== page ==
Gora: Being behind a paywall certainly limits its access to some degree. ButConservation Biology, in the conservation world, is about as [high-profile] as you’re going to get, and we wanted to make sure people would see it. You can pay quite a bit of money to get the paywall removed, but as graduate students we don’t have that money available.

Lucas: To get open access is quite expensive, because we pay most of our publishing costs ourselves. It costs more to publish it than it does to do the entire project.

Gora: If people contact us, we will provide the information that’s relevant so that they’re informed.

Lucas: For most of the students who are currently in school this has been a relatively easy-to-access paper because many universities have access to Conservation Biology.

Any other advice you would like to give?

Lucas:Really trying to figure out what you’re interested in early, because I think a lot of people don’t start looking for jobs until they’re in their last years of [their] master’s or Ph.D.s and then they’re like, “Oh man, I didn’t even know how important maybe business management or something would be.” By looking at job announcements early, it can help you with deciding what courses to take and skills to focus on.

A lot of the skills you gain in grad school can be marketed. For example, you know project management if you’ve ever run a lab or had undergraduate assistants.

Another helpful tip is to read the CVs of other scientists. This may give you insight on how to highlight some of your own strengths. I think people don’t know how marketable they could be, and then they miss out on these opportunities to apply for jobs because they may say “I have no project management experience.” However, if you have ever conducted a research project, then you have ample project management experience.

Gora: Find some people who have a job you want to have and go ask them how they got it. Ask them what they look for in people they hire to work under them. A lot of positive changes you could make are really minor things that you just twist out of something you’re already doing. For example, maybe you do involve that undergraduate you wouldn’t have involved previously, and now you have experience managing people.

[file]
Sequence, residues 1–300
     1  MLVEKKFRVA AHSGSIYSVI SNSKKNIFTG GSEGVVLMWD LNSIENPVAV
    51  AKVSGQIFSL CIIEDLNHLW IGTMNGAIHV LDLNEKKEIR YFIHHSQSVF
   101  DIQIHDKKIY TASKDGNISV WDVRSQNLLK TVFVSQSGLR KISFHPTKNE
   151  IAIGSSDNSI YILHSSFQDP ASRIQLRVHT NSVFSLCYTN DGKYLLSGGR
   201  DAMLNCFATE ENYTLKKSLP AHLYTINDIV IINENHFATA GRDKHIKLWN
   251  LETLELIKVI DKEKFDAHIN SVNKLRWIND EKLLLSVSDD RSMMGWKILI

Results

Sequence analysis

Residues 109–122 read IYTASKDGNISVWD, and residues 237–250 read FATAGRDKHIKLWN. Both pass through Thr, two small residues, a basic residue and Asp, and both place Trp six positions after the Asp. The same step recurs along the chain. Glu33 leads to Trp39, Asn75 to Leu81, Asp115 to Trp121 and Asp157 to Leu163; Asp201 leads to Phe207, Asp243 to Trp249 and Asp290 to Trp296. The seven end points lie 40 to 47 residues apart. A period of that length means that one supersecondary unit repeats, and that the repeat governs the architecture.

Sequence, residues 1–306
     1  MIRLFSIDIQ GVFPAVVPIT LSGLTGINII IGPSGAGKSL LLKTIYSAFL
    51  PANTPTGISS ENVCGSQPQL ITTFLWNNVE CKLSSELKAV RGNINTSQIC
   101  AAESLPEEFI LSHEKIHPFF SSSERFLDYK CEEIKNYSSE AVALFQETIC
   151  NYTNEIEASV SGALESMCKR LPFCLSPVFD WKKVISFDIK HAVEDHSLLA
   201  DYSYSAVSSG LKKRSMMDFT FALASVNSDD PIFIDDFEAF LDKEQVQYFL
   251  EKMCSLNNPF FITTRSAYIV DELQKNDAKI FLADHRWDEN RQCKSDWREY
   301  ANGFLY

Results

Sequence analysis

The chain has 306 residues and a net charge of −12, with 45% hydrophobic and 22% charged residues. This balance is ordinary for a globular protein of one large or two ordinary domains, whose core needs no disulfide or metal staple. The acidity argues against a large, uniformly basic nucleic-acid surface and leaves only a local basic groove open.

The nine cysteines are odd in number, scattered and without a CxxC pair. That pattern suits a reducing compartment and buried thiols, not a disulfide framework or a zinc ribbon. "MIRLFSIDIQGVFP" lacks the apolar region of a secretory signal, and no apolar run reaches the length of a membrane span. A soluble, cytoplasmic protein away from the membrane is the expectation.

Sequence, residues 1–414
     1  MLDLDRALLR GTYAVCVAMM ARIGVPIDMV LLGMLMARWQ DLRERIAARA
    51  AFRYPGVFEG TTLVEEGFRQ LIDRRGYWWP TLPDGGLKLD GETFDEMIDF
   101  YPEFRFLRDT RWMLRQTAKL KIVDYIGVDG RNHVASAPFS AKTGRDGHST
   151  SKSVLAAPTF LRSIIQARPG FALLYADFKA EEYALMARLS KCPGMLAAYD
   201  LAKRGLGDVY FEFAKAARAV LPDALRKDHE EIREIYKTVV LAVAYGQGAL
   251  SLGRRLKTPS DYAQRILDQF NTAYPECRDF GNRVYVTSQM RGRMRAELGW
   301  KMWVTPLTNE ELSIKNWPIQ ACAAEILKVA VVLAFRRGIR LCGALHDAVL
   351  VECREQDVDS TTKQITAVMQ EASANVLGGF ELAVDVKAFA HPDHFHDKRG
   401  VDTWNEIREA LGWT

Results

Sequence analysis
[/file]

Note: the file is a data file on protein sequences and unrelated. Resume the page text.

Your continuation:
Anything else either of you would like to add?

Gora: I want to say it’s not all doom and gloom. There are things you can do to make your chances a lot better. Sometimes it’ll be awkward, it’ll be weird, and you’ll feel that, “Oh I shouldn’t talk to this person, I’m so far below them.” But most of those people, they want to tell you about what they’re doing and how they do it.

I think that aggressively pursuing skills and your future can go a long way. A lot of that aggressiveness is literally just talking to people. I would encourage people to go for it. It’s not the most negative environment: people want to tell you how to succeed.

Lucas: It’s never too early and probably never too late to make those types of connections or reach out. Do it the first day but also if you’re on the market now and you’re feeling frustrated, then reach out to people who have jobs you would like. This might give you the insight that you were missing.

I would say that this project actually was more encouraging than we anticipated and it doesn’t feel like there’s just nothing out there. Not to discredit people who are struggling. I know that it’s a hard market. But I wouldn’t say there’s just no chance in conservation.

Turquoise blue katydid larva in West Papua, Indonesia. Image by Rhett A. Butler.
Turquoise blue katydid larva in West Papua, Indonesia. Image by Rhett A. Butler.

Editor’s note: This interview has been lightly edited for clarity and length.


Lucas, J., Gora, E., Alonso, A. (2017). A view of the global conservation job market and how to succeed in it. Conservation Biology31(6):1223-1231. doi: 10.1111/cobi.12949